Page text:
Employment Discontinuities and Wage Declines: Race Differences in the Cumulative Effects of Incarceration

Christopher J Lyons, University of New Mexico
Becky Pettit, University of Washington

A growing body of work implicates the prison system in contemporary accounts of racial inequality across a host of social, economic, and political domains. However, comparatively little work has examined the impact of incarceration on racial inequality over the life course. Using a unique data set drawn from state administrative records, this study examines how spending time in prison affects accumulated work experience and wage trajectories over a 14-year period in Washington State. We explore how racial differences in both the likelihood of imprisonment and the effects of spending time in prison inform our understanding of widening racial inequality in employment, earnings, and exposure to poverty through adulthood. Our data enable us to isolate the impact of spending time in prison while controlling for other relevant determinants of labor market outcomes, including educational attainment, GED test scores, previous work history, conditions of confinement, and prior criminal history.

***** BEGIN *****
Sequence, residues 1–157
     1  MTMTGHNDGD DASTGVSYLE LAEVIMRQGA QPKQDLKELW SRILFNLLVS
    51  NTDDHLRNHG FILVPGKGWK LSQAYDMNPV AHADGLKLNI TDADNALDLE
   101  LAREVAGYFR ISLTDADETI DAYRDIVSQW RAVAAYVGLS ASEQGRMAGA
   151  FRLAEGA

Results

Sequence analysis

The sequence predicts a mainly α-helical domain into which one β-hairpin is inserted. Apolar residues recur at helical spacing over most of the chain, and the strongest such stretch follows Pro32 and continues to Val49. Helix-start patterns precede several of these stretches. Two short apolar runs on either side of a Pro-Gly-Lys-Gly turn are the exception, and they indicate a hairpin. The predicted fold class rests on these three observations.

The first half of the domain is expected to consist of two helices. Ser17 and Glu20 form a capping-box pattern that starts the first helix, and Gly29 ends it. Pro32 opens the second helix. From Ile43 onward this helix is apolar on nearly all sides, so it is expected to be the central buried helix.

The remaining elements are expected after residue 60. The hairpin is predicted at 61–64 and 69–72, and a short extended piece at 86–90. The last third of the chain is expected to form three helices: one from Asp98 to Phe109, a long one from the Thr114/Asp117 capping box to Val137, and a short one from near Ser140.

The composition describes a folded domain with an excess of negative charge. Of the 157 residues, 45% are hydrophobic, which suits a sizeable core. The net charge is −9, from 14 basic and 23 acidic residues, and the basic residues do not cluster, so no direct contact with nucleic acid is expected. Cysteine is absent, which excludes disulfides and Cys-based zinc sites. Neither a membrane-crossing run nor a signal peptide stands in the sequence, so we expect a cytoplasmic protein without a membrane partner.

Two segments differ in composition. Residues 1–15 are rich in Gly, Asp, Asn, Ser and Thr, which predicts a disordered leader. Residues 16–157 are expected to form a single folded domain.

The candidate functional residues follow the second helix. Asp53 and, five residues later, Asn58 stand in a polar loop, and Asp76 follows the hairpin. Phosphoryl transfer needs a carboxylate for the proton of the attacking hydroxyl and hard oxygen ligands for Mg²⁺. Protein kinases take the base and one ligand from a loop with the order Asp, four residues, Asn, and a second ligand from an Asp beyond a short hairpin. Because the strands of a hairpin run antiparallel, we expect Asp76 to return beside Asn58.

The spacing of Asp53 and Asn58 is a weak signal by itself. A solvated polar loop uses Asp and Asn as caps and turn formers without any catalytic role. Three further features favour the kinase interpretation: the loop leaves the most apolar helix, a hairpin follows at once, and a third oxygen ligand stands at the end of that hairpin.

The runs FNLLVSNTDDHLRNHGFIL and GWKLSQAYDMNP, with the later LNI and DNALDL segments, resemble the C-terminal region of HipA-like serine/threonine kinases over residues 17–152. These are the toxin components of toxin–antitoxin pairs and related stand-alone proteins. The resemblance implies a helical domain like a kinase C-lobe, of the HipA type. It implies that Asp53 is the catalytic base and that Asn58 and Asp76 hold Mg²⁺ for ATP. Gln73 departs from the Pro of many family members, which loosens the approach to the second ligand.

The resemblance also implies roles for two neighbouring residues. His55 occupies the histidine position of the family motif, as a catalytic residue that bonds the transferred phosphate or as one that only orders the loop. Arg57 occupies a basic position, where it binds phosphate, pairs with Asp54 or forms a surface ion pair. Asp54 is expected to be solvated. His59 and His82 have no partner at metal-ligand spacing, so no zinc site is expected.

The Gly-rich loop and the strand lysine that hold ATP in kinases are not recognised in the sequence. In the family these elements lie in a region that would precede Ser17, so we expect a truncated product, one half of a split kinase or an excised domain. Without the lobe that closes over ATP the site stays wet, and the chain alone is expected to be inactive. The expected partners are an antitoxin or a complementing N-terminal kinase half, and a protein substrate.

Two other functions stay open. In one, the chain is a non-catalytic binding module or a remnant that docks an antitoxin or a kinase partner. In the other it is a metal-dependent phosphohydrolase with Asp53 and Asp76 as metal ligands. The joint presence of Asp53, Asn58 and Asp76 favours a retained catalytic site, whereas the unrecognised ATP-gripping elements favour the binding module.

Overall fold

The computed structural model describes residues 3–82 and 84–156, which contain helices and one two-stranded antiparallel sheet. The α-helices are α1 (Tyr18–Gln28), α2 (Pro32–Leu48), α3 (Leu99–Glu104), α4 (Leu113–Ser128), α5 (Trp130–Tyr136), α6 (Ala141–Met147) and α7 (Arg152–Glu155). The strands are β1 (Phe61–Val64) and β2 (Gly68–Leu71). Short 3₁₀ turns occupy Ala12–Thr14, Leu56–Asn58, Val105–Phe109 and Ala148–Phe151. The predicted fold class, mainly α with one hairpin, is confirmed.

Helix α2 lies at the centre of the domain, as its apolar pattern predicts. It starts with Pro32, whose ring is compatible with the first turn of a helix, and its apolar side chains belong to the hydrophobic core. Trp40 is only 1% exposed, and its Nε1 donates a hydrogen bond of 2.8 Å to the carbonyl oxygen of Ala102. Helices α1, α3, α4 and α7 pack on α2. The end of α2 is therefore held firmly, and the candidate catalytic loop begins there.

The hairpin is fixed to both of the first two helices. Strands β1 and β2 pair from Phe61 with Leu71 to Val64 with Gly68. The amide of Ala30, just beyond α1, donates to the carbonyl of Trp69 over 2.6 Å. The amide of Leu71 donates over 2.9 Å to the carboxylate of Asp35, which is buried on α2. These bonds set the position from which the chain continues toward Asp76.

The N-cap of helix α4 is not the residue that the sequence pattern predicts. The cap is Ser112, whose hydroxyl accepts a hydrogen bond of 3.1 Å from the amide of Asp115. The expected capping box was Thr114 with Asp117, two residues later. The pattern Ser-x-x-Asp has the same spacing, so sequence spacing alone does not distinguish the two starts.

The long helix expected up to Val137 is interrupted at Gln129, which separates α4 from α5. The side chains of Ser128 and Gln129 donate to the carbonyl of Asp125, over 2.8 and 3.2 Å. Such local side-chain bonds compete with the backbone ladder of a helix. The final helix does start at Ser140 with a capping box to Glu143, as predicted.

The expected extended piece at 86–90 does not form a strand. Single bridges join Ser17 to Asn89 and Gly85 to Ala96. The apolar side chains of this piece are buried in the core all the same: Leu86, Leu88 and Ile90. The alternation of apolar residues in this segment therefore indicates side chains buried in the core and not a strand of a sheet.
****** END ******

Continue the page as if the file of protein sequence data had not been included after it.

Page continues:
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Presented in Session 109: The Demography of Crime and Punishment